If you get new debt after your DRO is approved you could:

  • ● Get a bankruptcy order
  • ● Be prosecuted if you don’t tell new creditors about your DRO

Your DRO is added to the individual insolvency register - it’s removed 3 months after the DRO ends.

Your DRO will stay on your credit record for 6 years.

Bankruptcy

If you have a debt problem, one of your options for sorting it out might be bankruptcy. You can apply for bankruptcy if you can’t pay back your debts.

As well as applying for bankruptcy yourself, someone else you owe money to (a creditor) can apply to make you bankrupt, even if you don’t want them to. For a creditor to make you bankrupt, you must owe at least £5,000.

Remember, bankruptcy might not be your only option and it might not be the best one for you. One of your other options might be a debt relief order. You could be able to apply for a debt relief order if you have debts, income and property below a certain amount. This is a cheaper alternative to bankruptcy.

    • Advantages
    • Disadvantages
    • When the bankruptcy order is over you can make a fresh start - in many cases this can be after a year.

    • To apply to go bankrupt you’ll need to pay a £680 fee

    • The pressure is taken off you because you don’t have to deal with your creditors

    • If your income is high enough, you’ll be asked to make payments towards your debts for 3 years

    • You're allowed to keep certain things, like household goods and a reasonable amount to live on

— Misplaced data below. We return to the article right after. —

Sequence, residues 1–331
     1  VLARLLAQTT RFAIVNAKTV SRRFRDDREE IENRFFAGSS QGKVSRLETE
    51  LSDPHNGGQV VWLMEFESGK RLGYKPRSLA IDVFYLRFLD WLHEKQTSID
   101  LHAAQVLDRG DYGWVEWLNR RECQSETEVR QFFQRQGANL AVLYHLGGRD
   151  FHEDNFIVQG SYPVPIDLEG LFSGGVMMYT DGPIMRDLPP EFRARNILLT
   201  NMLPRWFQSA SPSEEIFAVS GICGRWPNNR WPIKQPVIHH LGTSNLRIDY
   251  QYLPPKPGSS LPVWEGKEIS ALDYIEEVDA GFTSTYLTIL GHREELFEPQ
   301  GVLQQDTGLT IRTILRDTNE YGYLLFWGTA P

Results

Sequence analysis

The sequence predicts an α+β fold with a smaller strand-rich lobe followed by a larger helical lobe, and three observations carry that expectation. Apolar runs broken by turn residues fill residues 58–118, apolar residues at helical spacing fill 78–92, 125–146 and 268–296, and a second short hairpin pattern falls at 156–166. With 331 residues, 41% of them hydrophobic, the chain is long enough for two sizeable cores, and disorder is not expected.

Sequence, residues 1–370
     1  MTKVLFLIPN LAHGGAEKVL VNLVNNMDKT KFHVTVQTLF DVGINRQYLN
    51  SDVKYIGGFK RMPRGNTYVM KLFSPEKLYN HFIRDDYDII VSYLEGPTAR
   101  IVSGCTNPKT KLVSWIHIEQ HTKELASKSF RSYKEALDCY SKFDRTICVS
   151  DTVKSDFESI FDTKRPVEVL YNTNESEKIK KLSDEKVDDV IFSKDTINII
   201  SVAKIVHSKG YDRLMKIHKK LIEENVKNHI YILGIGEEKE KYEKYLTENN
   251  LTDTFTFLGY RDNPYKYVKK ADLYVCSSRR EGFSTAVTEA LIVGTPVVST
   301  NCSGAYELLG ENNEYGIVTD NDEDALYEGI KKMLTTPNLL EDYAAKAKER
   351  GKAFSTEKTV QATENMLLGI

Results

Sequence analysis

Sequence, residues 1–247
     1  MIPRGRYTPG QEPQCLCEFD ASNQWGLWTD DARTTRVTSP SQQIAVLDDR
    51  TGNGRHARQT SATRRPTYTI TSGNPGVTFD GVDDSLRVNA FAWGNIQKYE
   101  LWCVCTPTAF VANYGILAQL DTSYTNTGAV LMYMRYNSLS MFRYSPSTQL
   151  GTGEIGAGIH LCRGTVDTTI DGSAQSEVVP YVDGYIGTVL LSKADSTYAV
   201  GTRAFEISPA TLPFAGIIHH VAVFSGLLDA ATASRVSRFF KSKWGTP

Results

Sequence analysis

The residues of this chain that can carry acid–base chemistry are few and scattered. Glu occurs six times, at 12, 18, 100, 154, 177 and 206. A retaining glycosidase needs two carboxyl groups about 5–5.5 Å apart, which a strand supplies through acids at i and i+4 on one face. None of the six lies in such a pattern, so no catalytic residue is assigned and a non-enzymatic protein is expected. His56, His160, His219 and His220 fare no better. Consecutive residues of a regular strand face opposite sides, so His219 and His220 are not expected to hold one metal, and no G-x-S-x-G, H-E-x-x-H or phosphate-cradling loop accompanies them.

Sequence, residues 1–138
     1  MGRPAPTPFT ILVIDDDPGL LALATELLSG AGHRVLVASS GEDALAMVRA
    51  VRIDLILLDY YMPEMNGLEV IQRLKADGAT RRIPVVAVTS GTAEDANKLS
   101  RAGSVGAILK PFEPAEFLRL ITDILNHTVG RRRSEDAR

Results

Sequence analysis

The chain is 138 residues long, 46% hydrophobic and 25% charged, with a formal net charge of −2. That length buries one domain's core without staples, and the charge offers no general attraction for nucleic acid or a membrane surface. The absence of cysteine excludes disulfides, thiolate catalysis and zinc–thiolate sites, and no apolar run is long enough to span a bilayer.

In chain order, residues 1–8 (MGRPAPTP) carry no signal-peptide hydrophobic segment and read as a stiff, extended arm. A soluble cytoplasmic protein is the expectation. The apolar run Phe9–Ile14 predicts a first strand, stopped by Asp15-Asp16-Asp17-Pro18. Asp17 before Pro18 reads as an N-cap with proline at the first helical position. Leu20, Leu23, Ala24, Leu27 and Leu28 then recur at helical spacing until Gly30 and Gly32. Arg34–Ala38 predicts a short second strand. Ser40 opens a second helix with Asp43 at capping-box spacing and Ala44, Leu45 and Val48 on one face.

• It will be more difficult to take out credit while you're bankrupt and your credit rating will be affected for 6 years

    • Creditors have to stop most types of court action to get their money back following a bankruptcy order

    • If you own your home, it might have to be sold (but you may be able to apply to your local authority for re-housing)

    • The money you owe can usually be written off

    • Some of your possessions might have to be sold, for example, your car and any luxury items you own

    • You make single payments each month or quarter to the company which is responsible for administering all payments to your creditors

    • If you are, or are about to be, the right age to get your pension savings, these might be taken

    • Any monthly payment you make should be passed on to creditors within 5 working days

    • Some professions don’t let people who have been made bankrupt carry on working

    • Some companies do not charge you a fee

    • If you own a business it might be closed down and the assets sold off

    • Going bankrupt can affect your immigration status

    • Notification of your bankruptcy will be made public (although if you’re worried you or your family maybe the victims of violence, you can ask that your details aren’t given out)

What happens at the end of bankruptcy

After 12 months you’re usually released (‘discharged’) from your bankruptcy restrictions and debts. Assets that were part of your estate during the bankruptcy period can still be used to pay your debts. If you are subject to an Income Payments Agreement, or Order then this could last for up to 3 years.

If you do not co-operate it can be extended and in the most serious cases a bankruptcy restrictions order could be placed against you for a period of up to 15 years.